|Sir James Wright|
Feb. 11, 1776 - Georgia's royal governor, Sir James Wright, escaped from his residence in Savannah to the safety of a waiting British warship, the HMS Scarborough, anchored at the mouth of the Savannah River, and returned to London. Wright had been taken into custody and placed under house arrest nearly a month earlier on Jan. 18, 1776 by Patriots under the command of Major Joseph Habersham of the Provincial Congress.
Feb. 11, 1815 - British forces take Fort Bowyer on return from defeat at New Orleans, then abandon upon learning that the war is over.
Feb. 11, 1820 - Alabama journalist and poet Theodore O'Hara was born in Frankfort, Ky.
Feb. 11, 1850 – The Alabama & Florida Railroad was incorporated.
Feb. 11, 1856 - Alabama author Caroline Lee Hentz died in Marianna, Fla.
Feb. 11, 1858 – The first groundbreaking held for the Alabama & Florida Railroad occurred on this day.
Feb. 11, 1858 - The apparitions at Our Lady of Lourdes began. A 14-year old French girl, Bernadette Soubirous saw the appearance of a "lady" in a cave-- the first of 18 visions of what many believe was the Virgin Mary. Soubirous was eventually canonized as a saint, and a sanctuary was built on the site, where water from a spring is said to have remarkable healing power.
Feb. 11, 1861 – During the Civil War, the United States House of Representatives unanimously passed a resolution guaranteeing noninterference with slavery in any state.
Feb. 11, 1861 – Confederate President-elect Jefferson Davis left his home at Brierfield Plantation, Miss. for his inauguration at Montgomery, Ala.
Feb. 11, 1861 - U.S. President-elect Abraham Lincoln left his home in Springfield, Illinois on his journey to Washington.
Feb. 11, 1864 - Union General William Sooy Smith left for Mississippi.
Feb. 11, 1895 – By order of Capt. T.B. Nettles, every member of the Monroe County Corps, Co. M, First Regiment of the Alabama State Troops, was to appear in uniform in Monroeville at 9:30 a.m. for the unit’s regular monthly drill and “to attend to other matters of importance.”
Feb. 11, 1912 – On this Saturday afternoon, Martin Sheffield allegedly shot and killed Charles Perdue during an argument near Herbert, Ala. Sheffield was placed in the Conecuh County Jail and was later released on $2,000 bond.
Feb. 11, 1915 – The Monroe Journal reported that there were 35 county convicts employed on the public roads in the county and that “another portable cage has been purchased for the safekeeping of the convicts.”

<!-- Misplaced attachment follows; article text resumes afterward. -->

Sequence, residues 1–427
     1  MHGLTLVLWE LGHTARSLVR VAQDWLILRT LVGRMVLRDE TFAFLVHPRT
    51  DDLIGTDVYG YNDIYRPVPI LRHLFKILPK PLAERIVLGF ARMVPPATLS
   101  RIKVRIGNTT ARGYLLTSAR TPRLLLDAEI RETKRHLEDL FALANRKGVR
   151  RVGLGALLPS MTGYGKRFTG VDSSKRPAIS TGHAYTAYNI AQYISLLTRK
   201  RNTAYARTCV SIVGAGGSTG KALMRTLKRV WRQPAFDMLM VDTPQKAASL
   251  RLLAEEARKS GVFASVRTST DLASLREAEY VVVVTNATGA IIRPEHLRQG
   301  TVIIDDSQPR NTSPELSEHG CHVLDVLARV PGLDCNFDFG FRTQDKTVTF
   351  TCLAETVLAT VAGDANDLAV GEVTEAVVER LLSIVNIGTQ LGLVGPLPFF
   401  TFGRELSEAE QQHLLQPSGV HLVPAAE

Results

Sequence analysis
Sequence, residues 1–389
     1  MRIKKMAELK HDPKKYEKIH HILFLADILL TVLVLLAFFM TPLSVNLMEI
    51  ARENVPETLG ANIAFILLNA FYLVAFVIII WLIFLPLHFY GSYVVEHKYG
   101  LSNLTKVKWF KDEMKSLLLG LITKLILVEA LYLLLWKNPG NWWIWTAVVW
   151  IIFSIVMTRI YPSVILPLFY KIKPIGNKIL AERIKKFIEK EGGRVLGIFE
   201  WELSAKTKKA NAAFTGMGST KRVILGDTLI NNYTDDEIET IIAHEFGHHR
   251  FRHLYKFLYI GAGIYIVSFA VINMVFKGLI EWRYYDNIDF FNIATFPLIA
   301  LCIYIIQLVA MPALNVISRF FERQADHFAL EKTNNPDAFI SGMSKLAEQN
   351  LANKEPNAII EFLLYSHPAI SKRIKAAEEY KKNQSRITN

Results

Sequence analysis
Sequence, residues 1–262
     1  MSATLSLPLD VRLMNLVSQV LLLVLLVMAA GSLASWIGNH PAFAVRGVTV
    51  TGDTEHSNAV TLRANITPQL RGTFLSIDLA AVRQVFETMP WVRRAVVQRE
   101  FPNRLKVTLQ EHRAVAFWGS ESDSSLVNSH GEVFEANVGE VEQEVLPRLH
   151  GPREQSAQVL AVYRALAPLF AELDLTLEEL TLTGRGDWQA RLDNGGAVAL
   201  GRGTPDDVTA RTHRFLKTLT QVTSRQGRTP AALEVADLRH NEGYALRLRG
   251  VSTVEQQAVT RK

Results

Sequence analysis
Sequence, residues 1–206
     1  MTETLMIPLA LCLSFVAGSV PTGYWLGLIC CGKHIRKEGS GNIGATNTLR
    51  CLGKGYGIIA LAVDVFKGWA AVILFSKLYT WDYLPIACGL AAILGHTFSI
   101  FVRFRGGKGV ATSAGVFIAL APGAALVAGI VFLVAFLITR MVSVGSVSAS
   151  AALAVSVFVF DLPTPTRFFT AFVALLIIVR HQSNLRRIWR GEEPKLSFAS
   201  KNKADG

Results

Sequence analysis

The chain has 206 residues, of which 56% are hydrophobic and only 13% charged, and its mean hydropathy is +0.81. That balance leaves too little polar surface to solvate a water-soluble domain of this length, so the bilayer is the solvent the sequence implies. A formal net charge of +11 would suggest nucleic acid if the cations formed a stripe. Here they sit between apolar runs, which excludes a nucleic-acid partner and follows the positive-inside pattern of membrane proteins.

Feb. 11, 1915 – The Monroe Journal reported that “an epidemic of measles has prevailed among the juvenile population of this community during the last two weeks.”
Feb. 11, 1915 - Mrs. Charles Boone of Steadham (believed to be in Escambia County, Ala.) gave birth to triplets, all three being boys. They were named Oscar Underwood, William Jennings Bryan and Woodrow Wilson.
Feb. 11, 1918 - A movie version of Alabama author Mary Raymond Shipman Andrews' book “The Unbeliever” was released.
Feb. 11, 1941 - Alabama author Linda Cline was born in New York, N.Y.
Feb. 11, 1943 – Pensacola, Fla. firefighter Henry C. Mandel was killed in the line of duty.
Feb. 11, 1950 - Alabama author Rodney Jones was born in Hartselle, Ala.
Feb. 11-12, 1955 – A new Ferguson 35 Tractor was displayed at the J&W Tractor Co. on North Court Square in Evergreen, Ala.
Feb. 11, 1966 - Willie Mays became the highest paid player in baseball when he signed a two-year contract with the San Francisco Giants for $130,000 a year.
Feb. 11, 1986 - The single, "Superbowl Shuffle," by the Chicago Bears Shufflin' Crew was certified gold by the RIAA.
Feb. 11, 1988 – The Magee Farm at Kushla, near Mobile, Ala. was placed on the National Register of Historic Places.
Feb. 11-12, 1989 – The famous UFO incident in Fyffe, Ala. occurred. The incident began when a woman called police reporting something strange in the sky, which was later seen by over 50 witnesses, including the town’s police chief and assistant police chief as well as officers from two other towns and an Alabama State Trooper. Over 100 media outlets descended on the town, including the New York Times.
Feb. 11, 1994 – Episode No. 16 of “The X-Files” – entitled “Young at Heart” – aired for the first time.
Feb. 11, 1997 – Alabama native Neil Bonnett, who won 18 NASCAR events in the 1970s and 1980s, was killed in a practice session accident at Daytona International Speedway. He was a member of the Alabama Gang, a group of successful stockcar racers centered in the Hueytown area who first gained national attention in the 1960s.
Feb. 11, 2008 - In the latest of a series of legal battles involving J.R.R. Tolkien’s beloved trilogy “The Lord of the Rings” and film adaptations made of the books, several of Tolkien’s heirs joined a group of publishers in filing a $150 million lawsuit against New Line Cinema in Los Angeles Superior Court.